Monday, July 25, 2011

Norway killngs and the Indian connection

The killings in Norway have an Indian connection.

Anders Behring Breivik, who exploded a bomb in Oslo and later sprayed bullets for more than one and a half hour on a Labour Party youth camp, killing 76 people in all, used “Dum-dum” bullets to do the job. These type of bullets were first manufactured at the Dum Dum Arsenal, near Kolkata, in India by the British in the late 1890s. The bullets, also called ‘expandable’ bullets, are designed to expand inside the body of the target after they hit, thus causing a wound larger than the diameter of the bullet itself. They thus cause more blood loss and damage than would an ordinary bullet, which hits the target from one side and comes out from the other. Certain types of Dum-dum bullets fragment inside the body of the target, making the wound especially painful, difficult to treat and more lethal.

The bullets manufactured by the British were so deadly that in 1898, the German Government lodged a protest against the use of Dum-dum bullets, claiming the bullets caused wounds that were “excessive and inhumane”. The British defended the use of the bullets against what they called “fanatical barbarians” (“freedom fighters”, probably, for us) who would not be deterred by ordinary bullets, but the Hague Convention in 1899 accepted the German claim and banned the use of Dum-dum bullets in war. The ban continues till today.

However, Dum-dum bullets themselves are not banned from use, The Hague Convention only covers war, and hence use of the Dum-dum bullets for other “permitted” purposes, such as by the police, for hunting (where permitted), self-defence or in sports is allowed. Breivik was able to legally acquire the bullets.

With the Norway incident, the demand for a complete ban on manufacture and sale of Dum-dum bullets may revive. Atleast some lives would have been saved had Breivik not been using Dum-dum bullets.

Friday, July 15, 2011

Why the Chinese are good at sports

Ever wondered why the Chinese are so good at sports? Here is one example. Follow the steps given below:

1. Go to Google Maps

2. Click on “Get directions”

3. Type “China” in “A” i.e. From China

4. Type “Taiwan” in “B” i.e. To Taiwan

5. Click on “Get Directions”

6. Scroll down to Step no. 48


(Courtesy my friend Nikhil Karkhanis)

Sunday, July 3, 2011

Chaar aane ka gyan

Price is what you pay, value is what you get – Warren Buffet, legendary investor and world's third richest man

The humble ‘25-paise coin’ has been consigned to History. As per an order issued by The Reserve Bank of India, 25-paise coins have ceased to be legal tender after 30th June 2011. Sure, the coin had already gone out of circulation for all practical purposes, but now the RBI has officially confirmed that twenty five paise mean nothing. They’re worthless.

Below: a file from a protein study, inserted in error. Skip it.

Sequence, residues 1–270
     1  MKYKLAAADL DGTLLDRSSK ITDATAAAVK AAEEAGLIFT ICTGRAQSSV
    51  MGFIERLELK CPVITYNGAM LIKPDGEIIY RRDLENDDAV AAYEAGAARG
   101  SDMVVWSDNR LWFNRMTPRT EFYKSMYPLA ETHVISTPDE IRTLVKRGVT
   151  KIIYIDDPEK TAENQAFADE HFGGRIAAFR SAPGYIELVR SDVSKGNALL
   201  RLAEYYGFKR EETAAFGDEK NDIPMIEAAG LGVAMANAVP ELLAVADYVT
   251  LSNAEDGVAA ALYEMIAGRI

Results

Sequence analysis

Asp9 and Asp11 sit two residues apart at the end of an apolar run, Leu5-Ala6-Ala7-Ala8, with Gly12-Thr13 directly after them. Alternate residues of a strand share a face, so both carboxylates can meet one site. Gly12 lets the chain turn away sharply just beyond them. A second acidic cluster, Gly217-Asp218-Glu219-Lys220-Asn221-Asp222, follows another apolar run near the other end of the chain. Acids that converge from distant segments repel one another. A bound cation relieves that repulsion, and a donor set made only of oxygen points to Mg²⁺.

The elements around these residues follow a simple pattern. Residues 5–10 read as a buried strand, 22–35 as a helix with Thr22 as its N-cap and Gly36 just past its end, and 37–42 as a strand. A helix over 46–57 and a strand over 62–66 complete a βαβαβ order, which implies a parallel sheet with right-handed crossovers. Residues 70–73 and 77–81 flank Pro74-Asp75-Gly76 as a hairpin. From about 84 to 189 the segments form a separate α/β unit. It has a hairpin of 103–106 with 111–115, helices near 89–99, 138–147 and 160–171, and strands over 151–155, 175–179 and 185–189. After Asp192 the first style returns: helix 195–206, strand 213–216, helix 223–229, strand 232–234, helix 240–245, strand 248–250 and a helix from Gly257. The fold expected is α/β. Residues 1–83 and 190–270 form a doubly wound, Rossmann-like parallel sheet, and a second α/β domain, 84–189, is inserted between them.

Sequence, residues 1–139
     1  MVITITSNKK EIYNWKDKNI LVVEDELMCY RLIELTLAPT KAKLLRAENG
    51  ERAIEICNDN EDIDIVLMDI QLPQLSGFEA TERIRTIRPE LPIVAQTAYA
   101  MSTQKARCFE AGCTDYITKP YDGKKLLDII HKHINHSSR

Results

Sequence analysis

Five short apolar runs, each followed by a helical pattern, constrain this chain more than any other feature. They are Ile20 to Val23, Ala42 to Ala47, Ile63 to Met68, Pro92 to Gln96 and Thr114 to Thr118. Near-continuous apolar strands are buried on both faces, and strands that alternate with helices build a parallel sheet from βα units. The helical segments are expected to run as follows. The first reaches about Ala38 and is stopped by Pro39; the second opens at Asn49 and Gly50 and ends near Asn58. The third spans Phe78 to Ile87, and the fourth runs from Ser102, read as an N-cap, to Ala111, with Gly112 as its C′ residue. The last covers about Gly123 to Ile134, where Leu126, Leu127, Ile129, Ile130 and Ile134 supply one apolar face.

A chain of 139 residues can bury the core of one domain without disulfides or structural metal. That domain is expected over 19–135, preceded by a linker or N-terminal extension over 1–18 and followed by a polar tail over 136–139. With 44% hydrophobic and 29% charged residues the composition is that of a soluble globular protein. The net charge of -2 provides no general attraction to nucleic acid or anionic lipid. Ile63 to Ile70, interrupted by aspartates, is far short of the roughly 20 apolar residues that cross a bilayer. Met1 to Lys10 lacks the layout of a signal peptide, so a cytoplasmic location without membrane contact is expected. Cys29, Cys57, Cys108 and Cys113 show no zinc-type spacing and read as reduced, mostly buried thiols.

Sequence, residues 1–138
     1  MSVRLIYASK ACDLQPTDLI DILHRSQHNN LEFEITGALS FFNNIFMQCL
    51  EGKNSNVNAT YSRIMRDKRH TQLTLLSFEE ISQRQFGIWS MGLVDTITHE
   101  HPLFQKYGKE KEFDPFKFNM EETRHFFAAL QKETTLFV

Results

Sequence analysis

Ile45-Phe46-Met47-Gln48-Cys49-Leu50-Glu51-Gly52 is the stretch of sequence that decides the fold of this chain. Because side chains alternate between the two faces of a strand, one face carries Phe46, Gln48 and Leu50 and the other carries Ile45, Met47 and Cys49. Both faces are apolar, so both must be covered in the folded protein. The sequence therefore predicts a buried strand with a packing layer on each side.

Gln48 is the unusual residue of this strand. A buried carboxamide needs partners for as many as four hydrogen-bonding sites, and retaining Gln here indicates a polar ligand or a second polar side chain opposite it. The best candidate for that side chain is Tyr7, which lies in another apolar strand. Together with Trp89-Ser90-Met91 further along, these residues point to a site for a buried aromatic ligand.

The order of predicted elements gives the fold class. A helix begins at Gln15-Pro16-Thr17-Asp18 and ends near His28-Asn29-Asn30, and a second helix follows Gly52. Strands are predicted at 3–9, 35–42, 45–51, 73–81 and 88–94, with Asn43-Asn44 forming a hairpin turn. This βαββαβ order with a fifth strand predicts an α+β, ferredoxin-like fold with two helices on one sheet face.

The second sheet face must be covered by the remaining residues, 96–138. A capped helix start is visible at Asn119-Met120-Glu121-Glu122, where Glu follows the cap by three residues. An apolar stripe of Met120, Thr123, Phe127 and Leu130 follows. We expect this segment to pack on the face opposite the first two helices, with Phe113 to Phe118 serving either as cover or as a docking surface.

It was not always so. When the 'quarter rupee' coin was introduced in 1835, it was made of Silver. Over a period of time, Silver gave way to Nickel, then Copper, Steel and eventually, the Government found there is nothing the coin can be made of. Everything costs more than 25 paise.  

I have a very clear memory of the 25 paise coin. When I was in school, it could buy you a pepsi cola. The  pepsi cola here was actually an ice candy, available in different flavours like mango or kala khatta, sealed in a transparent plastic tube and sold on the street outside my school. Why it was called pepsi cola, I have never understood, but so it was.  In those days, even the five paise coins were in use.

Why can’t we use them today? How & why does a currency lose its value?

Unlike ordinary mortals like you and me, our Government spends more than it earns. The gap between its expenses and income is filled up by printing money. When the newly printed money is spent, ‘more rupees’ enter the economy and find themselves chasing the same amount of goods and services. This causes prices to rise. (Simple arithmetic here: Rs. X was the total cost of Y goods, so each good cost Rs. X / Y. Now, thanks to the printing press, there is (X + 1) money in the economy, so each good costs Rs. (X+1) / Y). In other words, prices have gone up. You need more Rupees to buy the same amount of goods. Gradually, the smaller ones, like the 25 paise coin we were talking about, don’t buy anything and die a natural death.

Fortunately or unfortunately, The Government of India is not alone in printing money. Governments all over the world have been busy destroying the value of their currencies this way. Only the speed and degree of destruction differs. The US Dollar has lost 95% of its value in the last hundred yearsThe 12 year old Euro is fighting for survival, as member nations are unable to match their expenses with incomes. Greece is on the brink of default, and there are riots on the streets of AthensPortugal, Ireland, Italy and Spain are next in line. An extreme example from recent times is Zimbabwe, which was hit by hyper-inflation five years ago. The inflation rate reached more than a trillion percent, prices doubled and tripled every day and all shops became empty. The Government tried desperate measures, such as depreciating the currency repeatedly (to more than one trillionth of its original value) but failed. Today, the country has no currency, uses the barter system or unofficially, the currencies of other countries.

A Zimbabwean currency note from my personal collection - perhaps the only  instance anywhere in this world of a currency note with an  'expiry date'

The only currency that has not lost its value over extremely long periods of time is Gold. A gram of Gold buys the same amount of food or clothing today, as it did ten or hundred or a thousand years ago.

Meanwhile, the only place where the 25 – paise coin will now have a value is in a numismatist’s collection.